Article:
Production

Josh Hurst reviews Birds of Chicago’s ‘Real Midnight’

birds_of_chicagoI have to confess that I somewhat glossed over the release of Birds of Chicago’s Real Midnight back in February.  Having received the Kickstarter digital copy back in November, it just kind of fell below my radar when it was officially released.  In fact, I really only started spending quality time with the album over the past two weeks, and it is something quite special.

As luck would have it, our old friend, Josh Hurst, has revamped his own website and has just reviewed Real Midnight.  As he often does, he finds the perfect words to describe the spirit of this album.  As you may recall, Real Midnight was the final album recorded at Joe Henry’s Garfield House studio.  Jay Bellerose plays drums on the record, and Rhiannon Giddens provides vocals and fiddle on a couple of tracks.

Also, be sure to check out Josh’s recent reviews of Lucinda Williams’ The Ghosts of Highway 20 and Tedeschi Trucks Band’s Let Me Get By, two of my other favorite releases of 2016.

UPDATE:  Over The Rhine recently announced that Birds of Chicago will be joining the lineup of their Nowhere Else Festival over Memorial Day weekend (see below post for more details).

Also, you should definitely check out their recent Folk Alley Sessions.  Here’s “Remember Wild Horses”…

More Joe Henry production news

A couple of other noteworthy tracks produced by Joe Henry are now available:

  • Hayes_2016_2Aimee Mann recorded a version of The Carpenters’ “Yesterday Once More” for the new HBO series Vinyl.  It was produced by JH, and you can listen to it on Stefan’s site or purchase the track from iTunes.
  • Hayes Carll has released another track from his upcoming JH-produced record, Lovers & Leavers“Sake of the Song” can be heard over at Rolling Stone or purchased from iTunes (separately or included with the album pre-order).  The album will be released on April 8.

New Bonnie Raitt album feat. Joe Henry song, out today

Bonnie_RaittBonnie Raitt returned from a long recording hiatus with the release of her last record, the widely acclaimed Slipstream.  The seeds of that record were sown in the basement of Joe Henry’s former residence, Garfield House.  Though much of Slipstream was comprised of tracks recorded later and produced by Raitt herself, four of the tracks from those Garfield sessions – including two Bob Dylan songs and two JH-penned songs – were included and considered among the highlights of the record.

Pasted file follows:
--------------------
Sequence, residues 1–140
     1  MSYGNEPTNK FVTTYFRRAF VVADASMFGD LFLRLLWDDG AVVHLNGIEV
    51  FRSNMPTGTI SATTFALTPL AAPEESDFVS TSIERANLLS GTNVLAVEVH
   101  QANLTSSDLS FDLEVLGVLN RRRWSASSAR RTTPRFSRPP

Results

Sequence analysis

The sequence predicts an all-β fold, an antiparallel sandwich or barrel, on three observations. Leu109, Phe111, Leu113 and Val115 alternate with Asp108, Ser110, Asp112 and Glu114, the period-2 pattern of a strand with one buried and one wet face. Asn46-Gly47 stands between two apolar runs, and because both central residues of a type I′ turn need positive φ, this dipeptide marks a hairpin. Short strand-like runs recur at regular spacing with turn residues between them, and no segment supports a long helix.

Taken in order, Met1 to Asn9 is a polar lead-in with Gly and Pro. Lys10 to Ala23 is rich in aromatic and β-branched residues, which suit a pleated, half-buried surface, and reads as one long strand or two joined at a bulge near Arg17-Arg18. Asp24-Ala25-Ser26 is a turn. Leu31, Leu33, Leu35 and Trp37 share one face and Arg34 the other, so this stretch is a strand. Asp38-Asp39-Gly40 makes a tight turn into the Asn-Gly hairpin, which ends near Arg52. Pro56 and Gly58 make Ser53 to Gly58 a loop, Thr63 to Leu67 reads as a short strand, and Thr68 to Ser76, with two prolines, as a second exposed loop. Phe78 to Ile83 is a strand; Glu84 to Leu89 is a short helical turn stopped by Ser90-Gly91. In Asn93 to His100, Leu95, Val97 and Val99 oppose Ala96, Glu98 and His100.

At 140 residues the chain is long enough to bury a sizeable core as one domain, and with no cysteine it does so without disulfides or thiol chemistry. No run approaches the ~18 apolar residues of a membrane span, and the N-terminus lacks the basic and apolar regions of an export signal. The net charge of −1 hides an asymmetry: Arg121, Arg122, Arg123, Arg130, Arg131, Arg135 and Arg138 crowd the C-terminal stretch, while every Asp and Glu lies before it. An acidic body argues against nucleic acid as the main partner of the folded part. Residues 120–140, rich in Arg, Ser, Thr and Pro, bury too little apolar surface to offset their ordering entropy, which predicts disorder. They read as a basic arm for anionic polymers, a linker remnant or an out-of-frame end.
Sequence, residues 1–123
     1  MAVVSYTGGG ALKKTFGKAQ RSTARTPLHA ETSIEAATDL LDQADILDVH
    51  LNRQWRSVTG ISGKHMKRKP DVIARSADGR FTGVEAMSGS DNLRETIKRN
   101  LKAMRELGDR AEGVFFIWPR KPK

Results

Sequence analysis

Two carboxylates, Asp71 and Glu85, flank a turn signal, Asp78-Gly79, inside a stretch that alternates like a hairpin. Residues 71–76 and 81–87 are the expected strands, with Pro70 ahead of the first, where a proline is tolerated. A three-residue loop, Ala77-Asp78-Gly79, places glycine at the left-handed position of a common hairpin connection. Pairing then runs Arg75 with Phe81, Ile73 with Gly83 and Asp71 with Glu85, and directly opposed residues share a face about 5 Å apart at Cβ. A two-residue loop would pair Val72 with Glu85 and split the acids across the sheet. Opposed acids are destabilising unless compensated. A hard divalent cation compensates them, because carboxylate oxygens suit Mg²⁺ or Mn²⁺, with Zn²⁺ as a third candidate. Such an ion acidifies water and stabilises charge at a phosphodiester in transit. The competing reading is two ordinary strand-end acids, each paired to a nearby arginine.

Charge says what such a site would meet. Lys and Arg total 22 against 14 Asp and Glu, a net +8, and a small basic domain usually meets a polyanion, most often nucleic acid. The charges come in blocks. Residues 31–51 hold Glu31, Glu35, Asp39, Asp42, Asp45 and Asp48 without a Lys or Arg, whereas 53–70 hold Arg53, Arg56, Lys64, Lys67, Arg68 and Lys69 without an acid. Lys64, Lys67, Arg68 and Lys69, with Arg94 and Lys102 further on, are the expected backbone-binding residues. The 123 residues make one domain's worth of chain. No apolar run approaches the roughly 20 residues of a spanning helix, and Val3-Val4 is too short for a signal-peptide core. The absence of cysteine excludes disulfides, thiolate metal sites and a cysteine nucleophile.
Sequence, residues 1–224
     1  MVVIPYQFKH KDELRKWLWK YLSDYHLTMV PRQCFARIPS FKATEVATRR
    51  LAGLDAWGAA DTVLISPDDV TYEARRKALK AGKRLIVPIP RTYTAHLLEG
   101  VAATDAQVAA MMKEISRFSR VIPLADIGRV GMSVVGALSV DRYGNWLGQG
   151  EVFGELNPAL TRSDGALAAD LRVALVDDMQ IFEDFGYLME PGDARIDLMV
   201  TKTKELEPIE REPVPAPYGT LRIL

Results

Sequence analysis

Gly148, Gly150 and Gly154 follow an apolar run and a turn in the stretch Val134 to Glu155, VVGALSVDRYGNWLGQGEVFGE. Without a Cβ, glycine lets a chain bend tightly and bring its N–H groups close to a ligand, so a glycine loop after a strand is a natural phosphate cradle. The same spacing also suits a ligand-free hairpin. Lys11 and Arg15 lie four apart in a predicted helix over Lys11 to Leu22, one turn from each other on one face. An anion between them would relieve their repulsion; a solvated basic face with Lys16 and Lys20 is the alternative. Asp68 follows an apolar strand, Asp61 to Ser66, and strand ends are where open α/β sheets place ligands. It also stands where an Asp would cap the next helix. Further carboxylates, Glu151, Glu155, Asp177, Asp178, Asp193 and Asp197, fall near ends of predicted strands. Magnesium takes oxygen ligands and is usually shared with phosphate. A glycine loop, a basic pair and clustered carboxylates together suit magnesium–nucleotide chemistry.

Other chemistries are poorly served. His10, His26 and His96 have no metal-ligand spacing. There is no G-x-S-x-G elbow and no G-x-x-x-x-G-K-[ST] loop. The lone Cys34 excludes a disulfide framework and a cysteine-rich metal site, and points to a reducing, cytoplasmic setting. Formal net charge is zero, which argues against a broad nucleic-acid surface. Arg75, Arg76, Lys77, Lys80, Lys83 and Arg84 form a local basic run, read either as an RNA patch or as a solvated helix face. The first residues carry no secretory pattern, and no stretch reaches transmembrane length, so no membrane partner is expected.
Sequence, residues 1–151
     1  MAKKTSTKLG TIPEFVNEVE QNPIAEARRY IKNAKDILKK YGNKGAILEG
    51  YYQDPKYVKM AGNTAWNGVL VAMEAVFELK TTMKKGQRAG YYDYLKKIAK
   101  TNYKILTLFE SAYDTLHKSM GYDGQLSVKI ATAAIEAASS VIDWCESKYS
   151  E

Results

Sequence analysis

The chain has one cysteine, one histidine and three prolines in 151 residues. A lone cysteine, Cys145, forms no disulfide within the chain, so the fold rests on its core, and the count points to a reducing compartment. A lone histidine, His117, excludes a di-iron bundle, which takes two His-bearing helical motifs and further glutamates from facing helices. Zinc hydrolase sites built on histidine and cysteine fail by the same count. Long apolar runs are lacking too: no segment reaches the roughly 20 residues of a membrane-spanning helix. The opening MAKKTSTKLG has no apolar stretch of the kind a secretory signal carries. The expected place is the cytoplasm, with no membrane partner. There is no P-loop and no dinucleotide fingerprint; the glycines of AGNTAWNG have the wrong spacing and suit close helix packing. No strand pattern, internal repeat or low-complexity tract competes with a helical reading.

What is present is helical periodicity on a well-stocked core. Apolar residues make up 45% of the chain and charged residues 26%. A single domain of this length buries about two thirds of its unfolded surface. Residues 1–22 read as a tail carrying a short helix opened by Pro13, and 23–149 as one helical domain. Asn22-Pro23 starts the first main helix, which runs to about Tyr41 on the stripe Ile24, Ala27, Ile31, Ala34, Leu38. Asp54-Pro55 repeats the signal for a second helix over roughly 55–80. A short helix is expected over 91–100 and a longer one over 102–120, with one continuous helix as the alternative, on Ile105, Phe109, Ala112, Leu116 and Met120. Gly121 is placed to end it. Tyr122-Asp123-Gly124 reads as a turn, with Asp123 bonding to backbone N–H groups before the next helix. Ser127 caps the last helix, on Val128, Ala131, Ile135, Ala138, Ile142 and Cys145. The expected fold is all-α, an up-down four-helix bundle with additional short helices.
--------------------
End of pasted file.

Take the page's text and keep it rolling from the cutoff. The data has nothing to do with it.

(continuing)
Today Bonnie Raitt releases a welcome follow-up titled Dig In Deep.  Though the record largely contains new recordings (once again produced by Raitt), she felt the inclusion of another song from the Garfield House sessions was appropriate, this one written by JH himself and titled “You’ve Changed My Mind.”  From the Chicago Tribune’s Greg Kot:

On “Dig in Deep,” she ties together devastating performances of Bonnie Bishop’s “Undone” and Joe Henry’s acoustic “You’ve Changed my Mind,” with her own stark composition, “The Ones We Couldn’t Be.”

Check out the song and whole album today.

New Joe Henry-produced track from Hayes Carll premieres on NPR

Hayes_2016

The long-awaited new record from Hayes Carll will be released on April 8.  Lovers and Leavers was produced by Joe Henry and promises to highlight Carll’s more introspective songwriting.

NPR Music is featuring the track “The Love That We Need” and does not disappoint.  This is going to be a helluva record.

(BTW, over the holidays, I was fortunate to see Carll at The Mucky Duck in Houston.  All of the new material he played was top-notch, and he was joined on a few songs by singer-songwriter Allison Moorer, who also co-wrote “The Love That We Need” along with Jack Ingram.)

Emmylou Harris & Rodney Crowell’s ‘The Traveling Kind’ out today

emmylou-rodney-extralarge_1427383873912Joe Henry adds a pretty serious Nashville record to his production resume today with the release of The Traveling Kind, the second duo record from Emmylou Harris and Rodney Crowell.  Which is not to say (obviously) that the album at all embraces the prevailing aesthetic of popular Nashville, but the album is a JH rarity in that none of his regular cohorts appear on it.  Instead, Harris and Crowell are surrounded by Music City stalwarts like guitarists Steuart Smith and Jedd Hughes and bassist Byron House.  It was recorded at Sound Emporium and The House of Blues, with recording and mixing by Justin Neibank.

UPDATE:

UDPATE II:

To my ears, this record is both a continuation of and an improvement over their 2013 collaboration Old Yellow Moon.  Here are a few review links:

UPDATE III:  A great performance of “The Weight of the World” as performed for Rolling Stone (link also has a video for “The Traveling Kind”).  Jedd Hughes, who appears on the record and tours with the duo, provides lead guitar.